The electromagnetic artificial heart can be useful in both implant and extra-corporeal capacities, the latter primarily during operations and during space travel. While this description is primarily directed to implant uses for such an artificial heart, extra-corporeal uses, with similar control techniques, may also be desirable.
Numerous changes may be made in the components and circuitry, as for example using different types of pumps, without departing from the scope of this invention.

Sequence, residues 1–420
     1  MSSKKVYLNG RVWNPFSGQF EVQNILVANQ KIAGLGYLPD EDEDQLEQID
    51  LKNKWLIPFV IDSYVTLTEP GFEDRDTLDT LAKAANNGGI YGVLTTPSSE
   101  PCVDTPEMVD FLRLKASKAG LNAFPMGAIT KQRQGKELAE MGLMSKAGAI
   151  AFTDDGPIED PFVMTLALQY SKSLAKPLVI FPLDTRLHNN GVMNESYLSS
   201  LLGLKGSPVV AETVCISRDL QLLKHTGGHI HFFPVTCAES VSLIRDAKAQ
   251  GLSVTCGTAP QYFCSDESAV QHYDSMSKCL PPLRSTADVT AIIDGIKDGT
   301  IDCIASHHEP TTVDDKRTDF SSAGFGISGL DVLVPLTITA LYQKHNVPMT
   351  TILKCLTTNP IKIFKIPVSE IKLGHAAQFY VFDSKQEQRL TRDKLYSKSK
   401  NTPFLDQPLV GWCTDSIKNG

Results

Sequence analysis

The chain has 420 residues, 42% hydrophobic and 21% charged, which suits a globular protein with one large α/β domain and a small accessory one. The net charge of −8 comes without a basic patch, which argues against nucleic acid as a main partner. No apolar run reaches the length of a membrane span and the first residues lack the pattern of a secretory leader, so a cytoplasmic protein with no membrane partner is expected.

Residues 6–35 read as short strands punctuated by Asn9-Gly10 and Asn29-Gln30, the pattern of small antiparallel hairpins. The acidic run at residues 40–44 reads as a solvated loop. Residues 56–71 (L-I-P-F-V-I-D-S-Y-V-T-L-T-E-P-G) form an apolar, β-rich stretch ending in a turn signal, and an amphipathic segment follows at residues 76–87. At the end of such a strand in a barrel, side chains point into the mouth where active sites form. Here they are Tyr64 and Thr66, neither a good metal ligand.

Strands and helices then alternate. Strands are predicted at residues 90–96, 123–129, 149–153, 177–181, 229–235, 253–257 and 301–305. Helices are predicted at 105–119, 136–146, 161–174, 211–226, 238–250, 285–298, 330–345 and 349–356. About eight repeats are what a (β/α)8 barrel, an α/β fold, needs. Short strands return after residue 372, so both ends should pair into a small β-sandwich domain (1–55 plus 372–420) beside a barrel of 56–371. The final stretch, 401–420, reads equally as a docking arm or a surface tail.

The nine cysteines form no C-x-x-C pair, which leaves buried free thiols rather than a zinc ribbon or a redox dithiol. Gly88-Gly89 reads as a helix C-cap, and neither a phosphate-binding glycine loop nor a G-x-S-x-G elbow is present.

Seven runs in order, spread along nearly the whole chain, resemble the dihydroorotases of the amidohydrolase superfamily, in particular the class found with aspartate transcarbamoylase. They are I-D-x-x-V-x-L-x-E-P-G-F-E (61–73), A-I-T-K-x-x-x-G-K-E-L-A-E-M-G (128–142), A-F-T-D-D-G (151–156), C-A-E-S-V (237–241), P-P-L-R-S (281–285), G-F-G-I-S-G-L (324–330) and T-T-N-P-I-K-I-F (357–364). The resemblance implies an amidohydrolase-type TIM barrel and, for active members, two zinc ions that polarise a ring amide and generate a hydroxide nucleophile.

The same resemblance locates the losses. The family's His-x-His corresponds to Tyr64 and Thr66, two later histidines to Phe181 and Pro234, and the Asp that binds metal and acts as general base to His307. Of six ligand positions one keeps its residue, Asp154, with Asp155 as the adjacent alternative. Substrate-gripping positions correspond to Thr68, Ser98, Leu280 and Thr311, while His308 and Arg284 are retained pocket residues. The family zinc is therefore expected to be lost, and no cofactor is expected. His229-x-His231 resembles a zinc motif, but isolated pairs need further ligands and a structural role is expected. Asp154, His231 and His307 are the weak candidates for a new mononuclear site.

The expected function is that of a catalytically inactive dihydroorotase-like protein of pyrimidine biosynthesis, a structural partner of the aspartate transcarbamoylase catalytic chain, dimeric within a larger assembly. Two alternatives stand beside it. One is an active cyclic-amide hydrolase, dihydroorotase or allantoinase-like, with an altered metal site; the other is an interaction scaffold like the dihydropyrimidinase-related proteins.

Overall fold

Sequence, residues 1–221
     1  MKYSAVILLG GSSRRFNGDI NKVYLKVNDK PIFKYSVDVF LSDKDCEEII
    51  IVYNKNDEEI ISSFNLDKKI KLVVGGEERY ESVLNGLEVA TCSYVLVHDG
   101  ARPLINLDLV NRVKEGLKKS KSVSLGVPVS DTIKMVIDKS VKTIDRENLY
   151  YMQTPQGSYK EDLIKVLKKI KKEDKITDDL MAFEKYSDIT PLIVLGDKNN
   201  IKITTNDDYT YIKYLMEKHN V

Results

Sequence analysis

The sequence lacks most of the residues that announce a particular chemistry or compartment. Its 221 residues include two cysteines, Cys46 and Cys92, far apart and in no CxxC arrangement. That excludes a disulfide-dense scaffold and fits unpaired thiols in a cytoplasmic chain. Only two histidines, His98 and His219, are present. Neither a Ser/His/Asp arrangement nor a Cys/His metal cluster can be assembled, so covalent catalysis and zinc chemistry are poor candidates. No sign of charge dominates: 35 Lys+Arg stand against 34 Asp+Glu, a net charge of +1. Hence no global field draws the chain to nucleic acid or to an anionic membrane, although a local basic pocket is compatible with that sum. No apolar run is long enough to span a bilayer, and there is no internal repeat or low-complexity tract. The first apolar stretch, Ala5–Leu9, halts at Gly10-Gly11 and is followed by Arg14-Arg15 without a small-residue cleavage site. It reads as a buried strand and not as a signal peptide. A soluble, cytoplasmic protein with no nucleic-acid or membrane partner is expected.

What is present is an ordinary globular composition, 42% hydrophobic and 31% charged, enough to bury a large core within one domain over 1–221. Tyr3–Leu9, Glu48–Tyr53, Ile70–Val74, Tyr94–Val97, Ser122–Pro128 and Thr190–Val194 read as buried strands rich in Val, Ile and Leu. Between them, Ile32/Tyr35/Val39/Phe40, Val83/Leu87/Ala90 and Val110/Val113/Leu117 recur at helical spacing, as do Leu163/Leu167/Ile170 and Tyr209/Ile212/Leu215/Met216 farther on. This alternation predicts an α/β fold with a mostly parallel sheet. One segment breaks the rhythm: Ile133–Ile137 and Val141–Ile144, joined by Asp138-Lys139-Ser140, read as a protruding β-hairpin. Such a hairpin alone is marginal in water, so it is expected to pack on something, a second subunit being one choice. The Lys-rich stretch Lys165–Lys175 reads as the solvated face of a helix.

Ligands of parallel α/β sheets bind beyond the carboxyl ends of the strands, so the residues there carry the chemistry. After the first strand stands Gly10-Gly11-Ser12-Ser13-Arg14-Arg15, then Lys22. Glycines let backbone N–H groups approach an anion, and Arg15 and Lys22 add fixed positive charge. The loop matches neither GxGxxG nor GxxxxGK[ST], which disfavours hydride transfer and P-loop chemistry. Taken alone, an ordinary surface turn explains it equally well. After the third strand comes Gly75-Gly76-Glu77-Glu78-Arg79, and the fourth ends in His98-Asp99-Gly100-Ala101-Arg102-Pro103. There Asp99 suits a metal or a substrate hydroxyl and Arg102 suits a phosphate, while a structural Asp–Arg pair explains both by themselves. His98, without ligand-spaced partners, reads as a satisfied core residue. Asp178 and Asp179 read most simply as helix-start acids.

1. Apparatus for delivering blood to at least a portion of the circulatory system of a living body comprising an electromagnetic pump, means for connecting said pump in a blood conducting passage of the circulatory system of a living body, actuating means for said pump, mean for producing a signal indicative of the actual blood pressure in said system, means for producing a reference signal indicative of desired blood pressure, means for comparing said actual blood pressure signal with said reference signal to produce an error signal proportional to the ditference between said desired blood pressure and said actual blood pressure, means conducting said error signal to said pump actuating means to vary the rate of said pump and eliminate said error signal, and means for varying said reference signal in response to changes in the respiration rate of said body.